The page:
Hacking Facebook accounts has been commonplace since the beginning of the Facebook era and, of course, one of the preferred methods for implementing social engineering attacks. However, some of these scams are in fact just a small part of a much bigger online advertising pricing system, in which webmasters aim to get more money from their web traffic. A webmaster is someone who is responsible for maintaining websites and their role often includes increasing traffic. Apart from that, an important purpose for many of them is to squeeze as much revenue as possible from the advertising space they sell. In order to achieve that, webmasters will strike deals which turn user actions, downloads, clicks and so on into valuable interactions.
The most dubious monetizing tools in Online Marketing
Given the vast scale of the internet and the potential millions of visitors, this can be a lucrative business. That’s why behind the scenes an extensive ad network infrastructure has developed. And today ad networks are essentially an intermediary between the advertisers and the website publishers. Apart from providing their publishers with various advertising campaigns to choose from, some ad networks also offer aggressive and dubious monetizing tools. These include:
- URL and download lockers
- Content lockers
- Video lockers
- Geo-targeted offer walls
- Virtual reward tools - visitors are paid a certain amount of virtual currency in exchange for interacting with ongoing ad campaigns
- Exit traffic tools - these monetize the exit traffic by redirecting the users to ad pages when they try to leave the publisher’s website
Hacking Facebook account – how it’s done
Problems appear when the publishers or the ad networks attempt to deceive their website visitors. A relevant example is the enormous number of fake websites that offer the promise of hacking into Facebook accounts. This ‘promise’ exploits the human urge to snoop, which is given greater imperative because of the anonymity under which the Facebook hack is achieved. And it’s not chosen randomly either: ad networks and publishers simply use this on account of the fact that it features high in searches and, as a result, it increases their potential for luring visitors to their sites. In fact, these websites are typically created by publishers as part of an affiliate marketing strategy.
Victims are told that the hacking process is a simple one, which only needs the target account as input, while the resulted output (the password) is just one click away or in a downloadable text file. But when the user tries to get it, they are either redirected to a fake file hosting server (where the file download is locked through a CPA gateway) or the locking is done directly on the original website. This kind of lock is in fact a script which generally greys out the website’s content (blocking access to it) and displays a pop-up window (called a modal window). Then, in order to unlock it, the victim has to interact with a group of ad campaigns found on the pop-up window. A widely used trick is not to show the real adware to the victims. Instead, they are redirected to unrelated automatically-generated survey/game pages which mislead them into unknowingly buying whatever the advertisers really have to offer.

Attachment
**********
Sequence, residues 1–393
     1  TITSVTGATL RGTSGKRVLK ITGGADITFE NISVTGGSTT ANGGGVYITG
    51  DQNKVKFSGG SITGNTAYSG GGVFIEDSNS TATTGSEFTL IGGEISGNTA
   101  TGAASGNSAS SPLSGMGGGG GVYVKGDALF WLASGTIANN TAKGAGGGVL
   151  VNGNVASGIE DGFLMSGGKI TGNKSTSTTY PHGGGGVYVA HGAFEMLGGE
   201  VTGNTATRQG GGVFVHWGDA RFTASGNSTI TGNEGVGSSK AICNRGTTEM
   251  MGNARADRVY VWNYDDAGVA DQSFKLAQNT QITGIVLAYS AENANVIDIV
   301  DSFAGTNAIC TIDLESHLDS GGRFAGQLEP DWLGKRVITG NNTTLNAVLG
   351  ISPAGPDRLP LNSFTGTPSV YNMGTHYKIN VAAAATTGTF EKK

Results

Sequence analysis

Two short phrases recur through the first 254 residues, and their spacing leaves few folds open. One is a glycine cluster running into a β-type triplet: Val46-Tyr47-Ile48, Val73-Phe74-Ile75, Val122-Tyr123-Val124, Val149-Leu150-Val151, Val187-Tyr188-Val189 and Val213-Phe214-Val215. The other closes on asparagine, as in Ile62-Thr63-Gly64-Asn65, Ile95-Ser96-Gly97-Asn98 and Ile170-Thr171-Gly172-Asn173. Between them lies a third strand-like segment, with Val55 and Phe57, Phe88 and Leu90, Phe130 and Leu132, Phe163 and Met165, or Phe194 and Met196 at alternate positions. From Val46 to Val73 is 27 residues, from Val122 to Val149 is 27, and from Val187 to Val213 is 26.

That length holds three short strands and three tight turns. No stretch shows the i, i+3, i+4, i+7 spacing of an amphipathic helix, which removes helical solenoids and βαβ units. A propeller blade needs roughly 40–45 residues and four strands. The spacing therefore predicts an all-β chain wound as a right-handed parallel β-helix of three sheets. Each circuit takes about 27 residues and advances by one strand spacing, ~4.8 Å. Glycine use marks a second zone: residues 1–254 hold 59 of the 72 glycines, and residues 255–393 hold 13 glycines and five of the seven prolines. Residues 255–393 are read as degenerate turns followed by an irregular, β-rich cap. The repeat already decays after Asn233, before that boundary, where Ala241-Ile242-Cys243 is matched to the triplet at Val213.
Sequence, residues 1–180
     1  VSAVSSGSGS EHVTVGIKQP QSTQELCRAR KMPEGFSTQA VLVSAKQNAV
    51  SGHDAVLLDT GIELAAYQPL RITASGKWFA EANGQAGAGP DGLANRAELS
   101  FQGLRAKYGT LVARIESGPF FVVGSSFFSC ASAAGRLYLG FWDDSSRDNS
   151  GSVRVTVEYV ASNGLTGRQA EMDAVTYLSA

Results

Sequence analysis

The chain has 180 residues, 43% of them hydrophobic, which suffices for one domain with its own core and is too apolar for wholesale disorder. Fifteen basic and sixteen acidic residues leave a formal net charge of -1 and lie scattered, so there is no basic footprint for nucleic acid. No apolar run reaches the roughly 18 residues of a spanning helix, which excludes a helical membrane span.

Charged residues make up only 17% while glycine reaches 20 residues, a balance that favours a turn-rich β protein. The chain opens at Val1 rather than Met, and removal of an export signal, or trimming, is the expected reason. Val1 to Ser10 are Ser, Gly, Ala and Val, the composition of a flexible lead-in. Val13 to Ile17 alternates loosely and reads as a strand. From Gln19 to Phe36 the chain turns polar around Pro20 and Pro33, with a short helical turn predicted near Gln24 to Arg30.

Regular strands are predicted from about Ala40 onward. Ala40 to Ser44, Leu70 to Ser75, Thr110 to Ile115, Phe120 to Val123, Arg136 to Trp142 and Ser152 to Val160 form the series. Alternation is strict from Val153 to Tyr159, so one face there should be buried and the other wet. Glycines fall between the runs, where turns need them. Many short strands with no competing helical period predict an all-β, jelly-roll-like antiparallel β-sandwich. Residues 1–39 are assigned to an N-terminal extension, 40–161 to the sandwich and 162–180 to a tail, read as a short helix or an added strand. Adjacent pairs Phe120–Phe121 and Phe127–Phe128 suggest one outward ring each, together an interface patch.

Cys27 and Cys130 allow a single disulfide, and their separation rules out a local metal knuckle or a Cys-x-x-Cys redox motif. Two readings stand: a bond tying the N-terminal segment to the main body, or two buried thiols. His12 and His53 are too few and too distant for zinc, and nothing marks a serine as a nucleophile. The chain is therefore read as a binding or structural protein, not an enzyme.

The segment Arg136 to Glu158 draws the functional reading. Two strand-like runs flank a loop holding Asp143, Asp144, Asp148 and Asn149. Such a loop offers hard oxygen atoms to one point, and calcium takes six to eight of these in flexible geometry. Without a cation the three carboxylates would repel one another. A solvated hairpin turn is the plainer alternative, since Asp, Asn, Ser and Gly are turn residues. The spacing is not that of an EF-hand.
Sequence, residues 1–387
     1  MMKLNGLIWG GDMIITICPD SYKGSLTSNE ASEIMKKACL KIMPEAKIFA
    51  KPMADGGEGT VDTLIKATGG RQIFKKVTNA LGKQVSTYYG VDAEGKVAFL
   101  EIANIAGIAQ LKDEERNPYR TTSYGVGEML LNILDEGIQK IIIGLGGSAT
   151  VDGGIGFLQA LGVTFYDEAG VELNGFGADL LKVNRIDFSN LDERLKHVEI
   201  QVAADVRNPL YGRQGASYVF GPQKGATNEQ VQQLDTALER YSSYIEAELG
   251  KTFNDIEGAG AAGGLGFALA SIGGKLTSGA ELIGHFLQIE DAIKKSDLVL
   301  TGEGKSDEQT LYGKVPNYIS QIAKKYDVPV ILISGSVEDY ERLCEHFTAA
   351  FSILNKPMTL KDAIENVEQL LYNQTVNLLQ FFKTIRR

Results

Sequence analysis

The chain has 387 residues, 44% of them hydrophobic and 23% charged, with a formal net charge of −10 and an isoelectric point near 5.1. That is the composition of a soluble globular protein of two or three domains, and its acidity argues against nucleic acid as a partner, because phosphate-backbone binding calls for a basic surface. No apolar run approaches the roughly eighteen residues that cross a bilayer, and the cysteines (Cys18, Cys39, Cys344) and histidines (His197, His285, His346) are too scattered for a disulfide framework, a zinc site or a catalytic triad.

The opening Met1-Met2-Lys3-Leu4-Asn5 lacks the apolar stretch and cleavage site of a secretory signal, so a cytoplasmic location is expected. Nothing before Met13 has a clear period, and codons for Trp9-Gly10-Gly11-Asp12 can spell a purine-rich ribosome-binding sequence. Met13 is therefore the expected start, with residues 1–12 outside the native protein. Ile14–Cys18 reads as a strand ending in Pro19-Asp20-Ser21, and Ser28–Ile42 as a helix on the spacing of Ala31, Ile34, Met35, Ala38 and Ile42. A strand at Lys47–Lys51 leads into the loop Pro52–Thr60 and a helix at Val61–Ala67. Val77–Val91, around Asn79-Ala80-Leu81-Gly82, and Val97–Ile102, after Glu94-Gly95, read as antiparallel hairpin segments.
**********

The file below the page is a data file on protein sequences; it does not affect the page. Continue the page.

Apart from the subject of interest (in this case, hacking Facebook accounts), mal-intentioned publishers also take advantage of other subterfuges:
- Fake postings on various social platforms, which try to convince the users of the website’s popularity and credibility. In fact, this is a common-practice social engineering technique used by rogue ad networks. Don’t be fooled. If you see that a great number of people have shared this, then be sure that it isn’t true: they’ve either been deceived or the posting figures have somehow been manipulated.
- False reinforcement from various antivirus vendors that the generated output file which contains the password of the hacked account is clean.
- False reinforcement that the Facebook hacking website has been verified by a trustworthy entity.
- Fake testimonials from well-known magazines or from satisfied users.
- Fake examples of already hacked accounts.
- Fake Youtube videos promoting these websites. If a website or a software application is promoted via a Youtube video, it doesn’t necessarily mean that it is not malware. In fact, you are strongly adviced to take into consideration that Youtube is often used as a social engineering method.
- Most of the times a set of fake complicated steps are simulated for the hacking process in order to make the users believe that they are actually going to get the password.
- Some publishers’ websites use an even more compelling approach to make the victim interact with the rogue ad groups: they state that the ads have only one purpose, which is to verify that the user is human and not an automated bot of some sort.
Examples of scamming websites that use cost-per-action: http://hookedfacebook.com/ http://www.socialhacks.net/ http://www.facebookhackonline.com/ http://www.hack-facebook-account.com/ http://www.fbhacklab.com/hackaccount http://fbaccountshack.com/ http://hack-fbook-password.com/ http://fbhackerz.com/hack_account.php http://www.fb-hacker.net/ http://www.tophackingtools.com/how-to-hack-facebook-account-with-new-100-working-facebook-hacker-ver-2-4-2014/ In summary, a great number of publishers are financially motivated into scamming as many people as possible. One of the consequences is that they will always try to take advantage of viral topics of interest, such as hacking Facebook accounts, in order to increase their website traffic and to get better payment for the actions generated by the victims. You should always be careful when interacting with this kind of online marketing systems. And last, but not least, you should have BullGuard installed. It will be of great assistance in helping you avoid getting conned by such maneuvers.